House of Lords committee on foreign affairs stated in its report 3 years ago that as “a signatory to the Budapest memorandum, setting out the protection Europe would give Ukraine, “the UK had a particular responsibility towards the country and it has not been as active or as visible as it could have been”. What Could the UK do and what it hasn’t done you think?

We call it a memorandum of course it is an agreement, it is the international agreement, it is the legal agreement, and clearly it has more status than the Normandy process, Now Britain is one of the three signatures to that agreement, and therefore there is an obligation to great Britain, and as on the States what further steps that have to be taken, we should remember of course that Ukraine gave something up – it gave up its right to nuclear weapons in return for assurances about its territorial integrity. And those I think have been undermined now by what is happening in the Sea of Azov, so we need to look at this again.

What is the practical side? We know that there should be the consultations of the countries who signed the memorandum, but other than talking do you think It’s worth of doing something?

Well, first of all, this is what article 6 of the Budapest memorandum prescribes - that there should be consultations between the signatories. When an instant occurs threatening the territorial integrity of Ukraine and in my view, these consultations should begin, that is an importnant step of recognizing obligations under the Budapest agreement.

Speaking about sanctions that you have already mentioned. Will Europe or the states impose the so called “the Azov package of sanctions”? We have seen resolutions from the European Parliament, and the senate, condemning Russian aggression against Ukraine in the Kerch Strait. Lithuania has imposed national sanctions on the Russian Federation over its aggression against Ukraine in the Kerch Strait. Why aren’t other countries willing to do the same?


I can’t speak for the government, I’m not a member of the government anymore, I used to be the defense minister. But as I have already mentioned to you I was disappointed by the European council statement, its of course good that sanctions have been rolled over, and were extended for the next 6 months, I expected it anyway. I think we need to review the list of sanctions, and see many more individual sanctions need to be applied.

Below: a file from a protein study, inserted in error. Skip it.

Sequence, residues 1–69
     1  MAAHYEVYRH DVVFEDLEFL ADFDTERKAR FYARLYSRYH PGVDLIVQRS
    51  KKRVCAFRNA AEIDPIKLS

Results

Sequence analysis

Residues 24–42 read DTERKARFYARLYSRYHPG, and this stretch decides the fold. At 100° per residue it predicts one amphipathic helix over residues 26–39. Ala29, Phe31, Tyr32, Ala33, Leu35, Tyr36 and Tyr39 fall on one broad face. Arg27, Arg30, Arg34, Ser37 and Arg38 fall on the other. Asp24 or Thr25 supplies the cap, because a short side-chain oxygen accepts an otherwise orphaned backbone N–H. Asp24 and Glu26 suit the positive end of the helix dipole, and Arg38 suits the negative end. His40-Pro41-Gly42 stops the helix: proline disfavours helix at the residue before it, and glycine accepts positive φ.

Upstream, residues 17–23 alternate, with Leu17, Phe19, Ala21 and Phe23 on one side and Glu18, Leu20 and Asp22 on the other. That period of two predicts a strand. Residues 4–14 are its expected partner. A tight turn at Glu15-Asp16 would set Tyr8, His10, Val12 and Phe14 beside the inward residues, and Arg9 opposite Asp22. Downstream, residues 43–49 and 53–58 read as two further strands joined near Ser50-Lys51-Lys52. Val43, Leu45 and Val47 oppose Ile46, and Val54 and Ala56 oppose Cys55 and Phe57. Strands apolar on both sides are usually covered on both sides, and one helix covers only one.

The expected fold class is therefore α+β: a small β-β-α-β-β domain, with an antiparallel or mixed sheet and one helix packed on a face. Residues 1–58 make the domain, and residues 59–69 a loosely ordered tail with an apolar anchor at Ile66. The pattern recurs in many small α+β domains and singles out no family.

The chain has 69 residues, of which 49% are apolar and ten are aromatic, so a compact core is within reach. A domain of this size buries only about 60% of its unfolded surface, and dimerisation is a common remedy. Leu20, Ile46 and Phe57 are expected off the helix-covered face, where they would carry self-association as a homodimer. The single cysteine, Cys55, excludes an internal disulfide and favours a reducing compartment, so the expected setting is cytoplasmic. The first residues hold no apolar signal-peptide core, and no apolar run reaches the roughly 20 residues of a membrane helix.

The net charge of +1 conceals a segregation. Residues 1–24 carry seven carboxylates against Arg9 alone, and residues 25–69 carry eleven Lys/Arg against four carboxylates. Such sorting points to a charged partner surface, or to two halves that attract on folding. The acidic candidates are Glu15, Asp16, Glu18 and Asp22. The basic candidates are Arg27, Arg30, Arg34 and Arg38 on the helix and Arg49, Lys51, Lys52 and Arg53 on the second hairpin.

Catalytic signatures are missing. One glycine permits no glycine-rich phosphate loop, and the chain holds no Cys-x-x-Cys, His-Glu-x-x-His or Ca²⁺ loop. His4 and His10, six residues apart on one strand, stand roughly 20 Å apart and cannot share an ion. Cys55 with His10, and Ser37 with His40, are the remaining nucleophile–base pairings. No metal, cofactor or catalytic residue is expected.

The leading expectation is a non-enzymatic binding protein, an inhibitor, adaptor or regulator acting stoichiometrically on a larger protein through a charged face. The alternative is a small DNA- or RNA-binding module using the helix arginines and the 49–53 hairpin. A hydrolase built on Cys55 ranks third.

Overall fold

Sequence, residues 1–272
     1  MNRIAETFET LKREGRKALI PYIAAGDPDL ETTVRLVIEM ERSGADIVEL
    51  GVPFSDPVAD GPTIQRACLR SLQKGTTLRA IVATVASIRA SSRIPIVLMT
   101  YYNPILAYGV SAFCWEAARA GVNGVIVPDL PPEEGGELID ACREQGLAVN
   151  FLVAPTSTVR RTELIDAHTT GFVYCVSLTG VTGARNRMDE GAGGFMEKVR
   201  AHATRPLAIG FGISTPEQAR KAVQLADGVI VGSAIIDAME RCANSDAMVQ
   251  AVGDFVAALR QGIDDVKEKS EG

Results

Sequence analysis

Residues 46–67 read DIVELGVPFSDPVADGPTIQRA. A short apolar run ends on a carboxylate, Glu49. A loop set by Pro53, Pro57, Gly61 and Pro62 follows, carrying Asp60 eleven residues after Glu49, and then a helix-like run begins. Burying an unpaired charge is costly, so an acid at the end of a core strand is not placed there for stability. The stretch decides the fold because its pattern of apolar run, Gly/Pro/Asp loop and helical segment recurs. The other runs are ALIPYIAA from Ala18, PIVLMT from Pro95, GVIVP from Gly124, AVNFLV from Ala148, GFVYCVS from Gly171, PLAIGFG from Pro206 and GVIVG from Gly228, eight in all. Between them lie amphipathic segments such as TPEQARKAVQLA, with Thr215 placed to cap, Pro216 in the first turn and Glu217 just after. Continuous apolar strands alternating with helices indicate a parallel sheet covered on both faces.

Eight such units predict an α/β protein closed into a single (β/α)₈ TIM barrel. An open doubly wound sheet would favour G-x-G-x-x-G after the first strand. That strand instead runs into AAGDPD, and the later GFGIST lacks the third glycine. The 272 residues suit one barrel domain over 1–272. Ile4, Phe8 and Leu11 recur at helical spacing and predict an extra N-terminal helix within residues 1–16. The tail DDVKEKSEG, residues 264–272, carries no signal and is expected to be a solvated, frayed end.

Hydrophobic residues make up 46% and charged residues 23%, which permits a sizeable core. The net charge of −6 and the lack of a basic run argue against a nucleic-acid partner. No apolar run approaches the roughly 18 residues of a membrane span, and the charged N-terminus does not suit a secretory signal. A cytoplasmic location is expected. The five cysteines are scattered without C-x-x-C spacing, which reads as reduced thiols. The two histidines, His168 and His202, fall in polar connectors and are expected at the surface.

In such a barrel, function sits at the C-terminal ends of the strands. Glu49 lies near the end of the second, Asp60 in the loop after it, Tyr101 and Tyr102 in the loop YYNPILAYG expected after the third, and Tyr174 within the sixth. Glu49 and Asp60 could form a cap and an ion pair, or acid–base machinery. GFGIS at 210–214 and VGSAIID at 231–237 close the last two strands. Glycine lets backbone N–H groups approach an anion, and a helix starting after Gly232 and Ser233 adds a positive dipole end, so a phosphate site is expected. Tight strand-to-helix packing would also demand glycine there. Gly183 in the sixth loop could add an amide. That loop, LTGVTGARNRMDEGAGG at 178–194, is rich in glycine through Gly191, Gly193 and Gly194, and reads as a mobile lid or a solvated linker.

Individual sanctions of Russian federation, you mean?

Indeed, we have to see whether we can extend the sanctions. Not just in terms of time, but in terms of width of the sanctions in the number of people who were actually sanctioned.


Do you think is it an effective method or is there anything else that could be done

Well, there is evidence that sanctions do have an effect on Russia, and there are other things that Britain could consider. For example, many very wealthy Russians take a good care to use the city of London to use Britain as a financial center and we have new legislation passed now to investigate those who are trying to use the city of London and in some cases the wealth are safe guarding or expanding the city of London is being used back home to help finance Russian military. So, we have now some new legislation and I think we should start to deploy it.

So basically to check out this very wealthy people and may be close their accounts so that they couldn’t do any operations?

Some of these people are using London to raise money, to raise funds on the different markets in London, and some of this money is going back to fill the military machine back in Russia that I think has to be stopped. We have the legislation now and it’s time that ministers had to look how we can use it. There are different things that different countries can do. And what’s really important we shouldn’t let this incident sly down the agenda. And forget about it as we go to 2019 in the country. What happened should not be forgotten. We need the sailors back, we need the ships back. We need to send a very strong message to Russia that this kind of behavior is not acceptable.

Families of the captured Ukrainian sailors being held in a Moscow prison wrote a letter to the Queen and asked Russian President Vladimir Putin to release them. Do you think it’s a working mechanism? What are other methods that Putin can release these 24 sailors?

He can release them at any moment and they are relatively they were not responsible for the incident accept they were following orders. So, he should release them. And there is nothing that can prevent him from releasing them. And you would also expect when incidents like this occur, they are very rare but they do occur in serious grown up countries that the men involved in this countries usually are released within few days, that needs to happen.

Do you think it will happen the next year of what would influence this decision?

You are asking me how the Russian machine works I can’t help you with that.

I don’t know either. I just want to understand what could affect its decision – more and more sanctions of the west or may be some other mechanisms?

If Russia wants to avoid further penalties, further sanctions, further solidarity of the west and NATO in the black sea than the right step for them would be to acknowledge that they made a mistake and to release the sailors and return the boats.

Would it be an effective method if a NATO ship would occur or may be NATO mission in the Azov Sea?

First, there ought to be more NATO machines to the Black Sea, I think we had a ship visit from Britain on Friday, that’s importnant

In Odessa?